The activated form of galactose oxidase from the fungus Dactylium dendroides contains a single divalent copper ion which is antiferromagnetically coupled to a protein-based free radical. Chemical oxidation of the apoenzyme generates the free radical which is localized on a covalently cross-linked tyrosine - cysteine residue. This species, together with model radicals generated by UV irradiation of protonated and selectively deuterated o-(methylthio)cresol (MTC), has been studied by high-frequency EPR spectroscopy (139.5 GHz/5 T) in conjunction with molecular orbital calculations employing self-consistent local density functional (LDF) methods. The Zeeman interactions (g values) determined from the high-frequency spectra of the apogalactose oxidase and the MTC model radicals are remarkably similar and support the assignment of the protein radical to a sulfur-substituted tyrosyl moiety. Molecular orbital calculations accurately reflect the experimental data, including an increase in the axial symmetry of the Zeeman interaction for the MTC radical compared with the unsubstituted tyrosyl radical species. An explanation of this effect based on an analysis of individual atomic contributions to the molecular g values is presented. High-frequency echo-detected EPR spectroscopy of the apogalactose oxidase radical resolves hyperfine splittings. Based on the molecular orbital calculations and the EPR spectroscopic results presented here, the hyperfine splittings are assigned to two methylene protons - one derived from tyrosine and one from cysteine. These findings are consistent with the radical spin density being localized on the tyrosine - cysteine moiety, rather than delocalized throughout an extended π-network involving a nearby tryptophan as had been previously suggested as a possible explanation of the stability of the radical species.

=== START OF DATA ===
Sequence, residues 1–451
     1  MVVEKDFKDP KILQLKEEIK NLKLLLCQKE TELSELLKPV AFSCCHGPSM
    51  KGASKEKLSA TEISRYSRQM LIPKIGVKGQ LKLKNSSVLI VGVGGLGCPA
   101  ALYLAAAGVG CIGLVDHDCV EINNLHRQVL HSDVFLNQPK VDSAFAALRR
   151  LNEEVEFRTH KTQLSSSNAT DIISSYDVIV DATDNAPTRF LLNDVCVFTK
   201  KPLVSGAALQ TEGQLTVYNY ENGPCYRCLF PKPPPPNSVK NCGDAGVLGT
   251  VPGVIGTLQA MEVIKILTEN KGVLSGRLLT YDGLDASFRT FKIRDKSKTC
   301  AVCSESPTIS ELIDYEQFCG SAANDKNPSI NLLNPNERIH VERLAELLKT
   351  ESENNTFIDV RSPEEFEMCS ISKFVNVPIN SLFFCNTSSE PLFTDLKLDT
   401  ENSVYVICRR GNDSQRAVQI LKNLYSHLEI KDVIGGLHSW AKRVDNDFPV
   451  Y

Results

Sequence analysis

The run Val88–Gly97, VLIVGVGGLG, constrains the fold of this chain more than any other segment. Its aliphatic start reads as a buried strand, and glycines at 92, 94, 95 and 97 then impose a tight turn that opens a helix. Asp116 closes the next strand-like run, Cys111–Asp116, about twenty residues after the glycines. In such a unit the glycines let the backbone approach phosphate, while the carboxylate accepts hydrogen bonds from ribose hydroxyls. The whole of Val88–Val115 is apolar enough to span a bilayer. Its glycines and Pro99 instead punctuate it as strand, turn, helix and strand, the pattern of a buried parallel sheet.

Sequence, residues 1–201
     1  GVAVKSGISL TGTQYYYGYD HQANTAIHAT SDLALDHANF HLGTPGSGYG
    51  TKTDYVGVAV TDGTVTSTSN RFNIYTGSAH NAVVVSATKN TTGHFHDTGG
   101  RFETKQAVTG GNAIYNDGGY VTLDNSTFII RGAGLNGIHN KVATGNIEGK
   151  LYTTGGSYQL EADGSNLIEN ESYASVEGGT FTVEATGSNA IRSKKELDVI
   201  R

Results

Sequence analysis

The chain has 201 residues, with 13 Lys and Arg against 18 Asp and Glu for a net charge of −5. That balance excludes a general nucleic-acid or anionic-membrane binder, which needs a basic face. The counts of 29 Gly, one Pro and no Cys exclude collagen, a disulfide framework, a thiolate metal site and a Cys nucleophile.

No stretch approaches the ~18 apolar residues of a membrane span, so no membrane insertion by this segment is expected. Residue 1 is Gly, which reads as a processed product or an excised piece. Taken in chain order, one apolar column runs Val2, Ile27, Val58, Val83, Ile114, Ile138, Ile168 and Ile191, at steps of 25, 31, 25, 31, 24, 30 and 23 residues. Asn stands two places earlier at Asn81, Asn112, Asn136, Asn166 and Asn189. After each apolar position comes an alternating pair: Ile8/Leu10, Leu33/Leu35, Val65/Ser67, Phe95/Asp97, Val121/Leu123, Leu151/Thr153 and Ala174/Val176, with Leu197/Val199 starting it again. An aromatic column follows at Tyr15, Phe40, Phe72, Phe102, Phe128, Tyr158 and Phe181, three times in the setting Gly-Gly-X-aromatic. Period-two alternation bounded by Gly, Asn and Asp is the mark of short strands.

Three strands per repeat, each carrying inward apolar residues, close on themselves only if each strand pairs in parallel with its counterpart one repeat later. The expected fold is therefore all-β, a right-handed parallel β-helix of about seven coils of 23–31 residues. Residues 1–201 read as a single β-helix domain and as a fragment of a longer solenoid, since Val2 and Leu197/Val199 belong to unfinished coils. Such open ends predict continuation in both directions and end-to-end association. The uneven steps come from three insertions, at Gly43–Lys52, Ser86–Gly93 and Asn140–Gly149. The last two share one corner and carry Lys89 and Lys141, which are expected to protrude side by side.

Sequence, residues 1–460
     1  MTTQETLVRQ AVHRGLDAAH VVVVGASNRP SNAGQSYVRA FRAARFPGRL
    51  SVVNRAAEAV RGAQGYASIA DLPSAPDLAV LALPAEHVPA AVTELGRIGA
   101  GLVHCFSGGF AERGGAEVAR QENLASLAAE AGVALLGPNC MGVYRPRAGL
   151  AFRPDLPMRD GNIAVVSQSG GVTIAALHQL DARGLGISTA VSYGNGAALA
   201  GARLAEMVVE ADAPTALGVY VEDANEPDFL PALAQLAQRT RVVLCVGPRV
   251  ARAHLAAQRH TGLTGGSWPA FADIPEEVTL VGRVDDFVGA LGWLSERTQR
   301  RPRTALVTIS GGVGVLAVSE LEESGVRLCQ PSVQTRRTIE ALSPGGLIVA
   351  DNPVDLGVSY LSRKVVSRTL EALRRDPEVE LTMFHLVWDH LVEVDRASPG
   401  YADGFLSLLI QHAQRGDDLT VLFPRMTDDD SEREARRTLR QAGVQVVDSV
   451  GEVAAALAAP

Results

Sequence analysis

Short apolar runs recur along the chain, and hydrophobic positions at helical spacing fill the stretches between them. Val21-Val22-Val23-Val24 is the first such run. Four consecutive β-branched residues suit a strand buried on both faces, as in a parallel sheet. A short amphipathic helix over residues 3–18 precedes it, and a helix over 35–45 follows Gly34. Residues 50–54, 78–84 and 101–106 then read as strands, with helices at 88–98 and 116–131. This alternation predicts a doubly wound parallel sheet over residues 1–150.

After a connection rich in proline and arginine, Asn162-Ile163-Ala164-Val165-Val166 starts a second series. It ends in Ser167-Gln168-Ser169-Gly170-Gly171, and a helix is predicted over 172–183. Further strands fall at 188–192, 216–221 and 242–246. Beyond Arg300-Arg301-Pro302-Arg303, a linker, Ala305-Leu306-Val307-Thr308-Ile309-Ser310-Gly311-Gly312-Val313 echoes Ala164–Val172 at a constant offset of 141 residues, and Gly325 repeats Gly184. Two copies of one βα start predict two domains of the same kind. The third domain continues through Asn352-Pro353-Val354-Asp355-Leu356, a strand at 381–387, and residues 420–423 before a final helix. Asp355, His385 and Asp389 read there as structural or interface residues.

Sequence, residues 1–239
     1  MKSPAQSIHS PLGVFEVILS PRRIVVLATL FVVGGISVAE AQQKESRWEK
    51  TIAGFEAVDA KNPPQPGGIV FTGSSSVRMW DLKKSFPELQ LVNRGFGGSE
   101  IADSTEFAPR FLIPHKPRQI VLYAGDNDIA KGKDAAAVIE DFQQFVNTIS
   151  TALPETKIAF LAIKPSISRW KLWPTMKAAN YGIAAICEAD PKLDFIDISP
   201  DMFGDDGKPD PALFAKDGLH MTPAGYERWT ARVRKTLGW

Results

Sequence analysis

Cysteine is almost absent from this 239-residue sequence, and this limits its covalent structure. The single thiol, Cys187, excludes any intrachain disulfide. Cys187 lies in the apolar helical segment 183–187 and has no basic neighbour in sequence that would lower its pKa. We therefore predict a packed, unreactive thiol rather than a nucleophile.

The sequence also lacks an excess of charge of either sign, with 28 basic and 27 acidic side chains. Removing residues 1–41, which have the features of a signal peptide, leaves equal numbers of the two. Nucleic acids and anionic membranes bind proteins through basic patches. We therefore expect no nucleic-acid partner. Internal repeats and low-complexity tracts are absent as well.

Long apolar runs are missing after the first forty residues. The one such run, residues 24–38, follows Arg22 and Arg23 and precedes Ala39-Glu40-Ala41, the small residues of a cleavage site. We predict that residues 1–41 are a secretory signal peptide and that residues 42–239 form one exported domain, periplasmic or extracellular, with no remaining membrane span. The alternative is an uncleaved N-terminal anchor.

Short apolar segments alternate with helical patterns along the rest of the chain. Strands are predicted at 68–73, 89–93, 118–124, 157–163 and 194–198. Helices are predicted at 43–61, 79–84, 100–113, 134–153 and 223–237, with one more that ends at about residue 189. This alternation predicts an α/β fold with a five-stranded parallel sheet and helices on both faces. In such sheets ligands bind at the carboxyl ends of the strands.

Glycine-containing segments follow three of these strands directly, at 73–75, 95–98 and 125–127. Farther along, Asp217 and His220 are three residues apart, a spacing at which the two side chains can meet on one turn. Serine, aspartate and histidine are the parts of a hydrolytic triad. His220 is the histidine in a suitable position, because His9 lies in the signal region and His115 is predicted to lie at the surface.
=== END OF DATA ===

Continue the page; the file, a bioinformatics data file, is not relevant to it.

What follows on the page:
ASJC Scopus subject areas
- Physical and Theoretical Chemistry